The way I choose to do this is to create a full 3-statement financial model, with a discounted cash flow valuation. By taking a very close look we can determine an intrinsic valuation range for Canadian Solar and compare it with our relative valuation.

I will explain what steps and assumptions I used to build my model in my next article, however for simplicity, I will highlight my findings. I project that Canadian Solar will go from a $379 million EBITDA in 2018 to a $470 million EBITDA in 2024. Taking the present value Canadian Solar’s future unlevered free cash flows, I got a value of $292 million. This is the value that Canadian Solar will bring from now until 2024. To get its future value we can use the exit multiple method, or the terminal value method (Again see vocab section with any questions). Using the exit multiples method we get an equity value of $48 dollars per share. Using the terminal value method, we get an equity value of $22 dollars per share. This range is extremely wide; however we can dissect it using information from the comparable ratio analysis as well.

This wide range comes from two main reasons in my opinion. One is that on a ratio basis Canadian Solar is undervalued compared to its peers. This means the average valuation ratios are higher than Canadian Solar’s ratios, thus producing a very high exit multiple valuation. The next reason is that Canadian Solar’s year by year revenues are very hard to predict. A large part of their earnings comes from a few projects, so if those projects get delayed, Canadian Solar looks like it had a bad year.

We determined that Canadian Solar is relatively undervalued on a ratio basis, and that Canadian Solar appears to be at least fair value or potentially even undervalued on an intrinsic value basis. The last step before making a determination is to find out why Canadian Solar may be undervalued.

Solar module prices have dropped about 10-15% per year, and while Canadian Solar has increased its sales on a per watt basis (around 10% per year), this aggressive decrease in prices has meant slower, if any top line growth. In addition, relying on a few large projects in their energy segment has meant unstable revenue in general. My opinion is that, what appears like modest growth has meant that Canadian Solar has been overshadowed by solar players that are more focused on manufacturing or focused in the retail space. Over the long term I like Canadian Solar’s focus on building solar projects. The fact that they are vertically integrated (manufacture components) will provide major cost saving. So with relative valuation on its side, and the largest solar project pipeline, I am bullish long term.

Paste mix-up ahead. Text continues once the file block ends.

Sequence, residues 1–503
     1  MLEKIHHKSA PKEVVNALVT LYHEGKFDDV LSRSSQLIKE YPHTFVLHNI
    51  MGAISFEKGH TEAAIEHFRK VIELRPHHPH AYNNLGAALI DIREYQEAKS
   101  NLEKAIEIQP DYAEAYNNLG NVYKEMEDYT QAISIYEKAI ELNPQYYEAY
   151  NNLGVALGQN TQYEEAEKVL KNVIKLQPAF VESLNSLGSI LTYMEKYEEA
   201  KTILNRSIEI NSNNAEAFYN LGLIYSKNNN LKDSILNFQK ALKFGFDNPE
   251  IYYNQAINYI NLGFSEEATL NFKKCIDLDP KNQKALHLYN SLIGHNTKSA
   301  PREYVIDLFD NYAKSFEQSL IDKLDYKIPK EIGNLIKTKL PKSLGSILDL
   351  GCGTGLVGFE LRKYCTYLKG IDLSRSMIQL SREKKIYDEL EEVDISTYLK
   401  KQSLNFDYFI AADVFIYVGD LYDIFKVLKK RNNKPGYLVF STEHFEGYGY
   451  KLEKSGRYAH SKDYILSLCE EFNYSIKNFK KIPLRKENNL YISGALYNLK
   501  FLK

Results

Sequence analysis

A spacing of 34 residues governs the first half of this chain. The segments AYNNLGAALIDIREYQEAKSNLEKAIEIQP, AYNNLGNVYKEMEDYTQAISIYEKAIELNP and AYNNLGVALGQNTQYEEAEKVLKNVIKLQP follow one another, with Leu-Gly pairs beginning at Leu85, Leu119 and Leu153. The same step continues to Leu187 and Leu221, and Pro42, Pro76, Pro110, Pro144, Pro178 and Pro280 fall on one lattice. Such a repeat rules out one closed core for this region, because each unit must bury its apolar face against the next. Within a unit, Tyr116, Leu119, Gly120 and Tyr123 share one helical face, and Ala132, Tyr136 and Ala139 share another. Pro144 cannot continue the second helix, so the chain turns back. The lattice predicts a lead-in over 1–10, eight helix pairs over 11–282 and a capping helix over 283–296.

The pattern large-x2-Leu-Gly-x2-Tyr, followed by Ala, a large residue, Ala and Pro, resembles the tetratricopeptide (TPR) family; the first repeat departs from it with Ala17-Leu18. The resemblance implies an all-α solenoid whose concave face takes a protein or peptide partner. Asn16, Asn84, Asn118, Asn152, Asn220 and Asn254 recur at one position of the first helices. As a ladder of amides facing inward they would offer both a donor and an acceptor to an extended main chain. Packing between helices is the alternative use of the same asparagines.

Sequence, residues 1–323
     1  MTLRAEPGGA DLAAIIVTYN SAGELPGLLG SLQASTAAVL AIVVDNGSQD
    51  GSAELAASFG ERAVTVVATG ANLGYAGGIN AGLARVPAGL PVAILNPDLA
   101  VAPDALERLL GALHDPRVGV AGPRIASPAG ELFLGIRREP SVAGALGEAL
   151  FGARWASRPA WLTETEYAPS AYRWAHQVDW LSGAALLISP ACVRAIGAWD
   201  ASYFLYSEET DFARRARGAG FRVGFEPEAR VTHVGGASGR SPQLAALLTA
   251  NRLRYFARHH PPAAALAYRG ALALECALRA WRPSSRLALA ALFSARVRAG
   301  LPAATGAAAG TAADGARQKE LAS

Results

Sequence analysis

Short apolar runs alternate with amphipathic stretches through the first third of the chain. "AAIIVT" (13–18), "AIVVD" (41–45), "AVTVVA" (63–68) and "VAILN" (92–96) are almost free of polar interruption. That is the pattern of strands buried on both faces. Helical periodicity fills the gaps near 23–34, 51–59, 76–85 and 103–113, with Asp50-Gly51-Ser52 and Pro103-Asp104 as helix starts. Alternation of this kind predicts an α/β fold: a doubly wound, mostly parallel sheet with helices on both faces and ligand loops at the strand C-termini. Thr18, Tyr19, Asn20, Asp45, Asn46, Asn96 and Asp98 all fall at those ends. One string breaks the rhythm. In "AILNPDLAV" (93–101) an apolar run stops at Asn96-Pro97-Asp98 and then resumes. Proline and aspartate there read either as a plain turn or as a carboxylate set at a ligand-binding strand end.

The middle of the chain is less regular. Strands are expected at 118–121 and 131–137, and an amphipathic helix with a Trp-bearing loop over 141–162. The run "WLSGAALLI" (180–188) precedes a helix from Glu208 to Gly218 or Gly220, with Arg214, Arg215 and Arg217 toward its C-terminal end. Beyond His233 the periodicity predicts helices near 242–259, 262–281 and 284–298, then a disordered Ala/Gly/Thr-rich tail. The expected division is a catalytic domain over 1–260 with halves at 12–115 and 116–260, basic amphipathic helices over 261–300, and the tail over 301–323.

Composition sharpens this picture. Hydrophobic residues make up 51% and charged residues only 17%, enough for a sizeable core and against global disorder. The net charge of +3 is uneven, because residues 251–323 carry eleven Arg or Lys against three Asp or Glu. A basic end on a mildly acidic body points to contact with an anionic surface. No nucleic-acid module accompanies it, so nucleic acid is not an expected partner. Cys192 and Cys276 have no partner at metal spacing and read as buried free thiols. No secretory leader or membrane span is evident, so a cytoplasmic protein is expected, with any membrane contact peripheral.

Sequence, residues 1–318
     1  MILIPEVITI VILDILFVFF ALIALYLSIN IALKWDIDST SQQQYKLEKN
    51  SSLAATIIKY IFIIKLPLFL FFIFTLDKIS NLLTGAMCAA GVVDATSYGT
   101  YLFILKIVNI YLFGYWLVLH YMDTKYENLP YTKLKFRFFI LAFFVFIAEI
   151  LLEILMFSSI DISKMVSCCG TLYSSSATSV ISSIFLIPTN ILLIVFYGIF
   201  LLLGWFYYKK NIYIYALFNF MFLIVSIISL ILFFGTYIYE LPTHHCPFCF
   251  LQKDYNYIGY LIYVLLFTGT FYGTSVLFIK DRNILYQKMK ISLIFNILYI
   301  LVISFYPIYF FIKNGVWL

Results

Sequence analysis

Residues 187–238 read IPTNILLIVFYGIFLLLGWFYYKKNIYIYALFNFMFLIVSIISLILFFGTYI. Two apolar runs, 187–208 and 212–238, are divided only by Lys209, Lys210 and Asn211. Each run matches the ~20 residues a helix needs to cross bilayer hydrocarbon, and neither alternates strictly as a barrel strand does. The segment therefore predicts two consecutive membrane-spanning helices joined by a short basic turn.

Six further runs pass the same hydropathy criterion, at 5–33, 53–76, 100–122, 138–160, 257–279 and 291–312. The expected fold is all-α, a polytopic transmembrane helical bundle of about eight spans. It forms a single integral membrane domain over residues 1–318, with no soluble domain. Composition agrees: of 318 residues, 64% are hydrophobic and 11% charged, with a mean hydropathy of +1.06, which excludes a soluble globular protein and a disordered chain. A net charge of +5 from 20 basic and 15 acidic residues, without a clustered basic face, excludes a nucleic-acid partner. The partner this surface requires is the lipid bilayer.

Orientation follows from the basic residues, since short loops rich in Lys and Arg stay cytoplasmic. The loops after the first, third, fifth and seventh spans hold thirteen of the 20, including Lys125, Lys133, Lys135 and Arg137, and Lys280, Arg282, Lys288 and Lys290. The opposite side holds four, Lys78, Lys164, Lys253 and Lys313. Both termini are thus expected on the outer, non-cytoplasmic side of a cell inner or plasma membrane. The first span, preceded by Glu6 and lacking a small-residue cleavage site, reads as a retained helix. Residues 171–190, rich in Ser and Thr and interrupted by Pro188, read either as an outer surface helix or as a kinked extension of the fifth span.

Looking at technicals does not provide the best picture for Canadian Solar. The RSI is not giving a signal either way. Currently on a weekly, monthly, and yearly basis, Bollinger Bands do not reveal anything. Lastly, the MACD is slightly bullish on a yearly basis but bearish over shorter terms. I like Canadian Solar, but having missed out on a 20% rally, I will wait to enter. One trade that interests me would be a pairs trade long Canadian Solar, short Jinko Solar or First Solar.

Remember this is not investment advice, I am not a financial advisor, and I just write my opinions.


Terminal Value- The value of the busines beyond the projected cash flows.

Exit Multiples- Assuming that after the 5-year forecast period, the company is sold at public market valuations. We then use financial ratios to value to company. And we discount that sale value to present value.

EBITDA- earnings before interest, taxes, depreciation, and amortization.

Solar Module- A solar panel.

Unlevered free cash flow- EBITDA- taxes- capital expenditures – changes in working capital

Discounted cash flow- We take the value of a firm to be the present value of its future cash flows.

Present value- We take each future dollar of cash flow and we discount it so that you would be indifferent between receiving a dollar of future earnings, or that dollar discounted to the present value.

Discount rate- The discount rate is the weighted average cost of capital. A discount rate is the rate of return that you would give up by taking the discounted cash flow today, versus the full value in a year.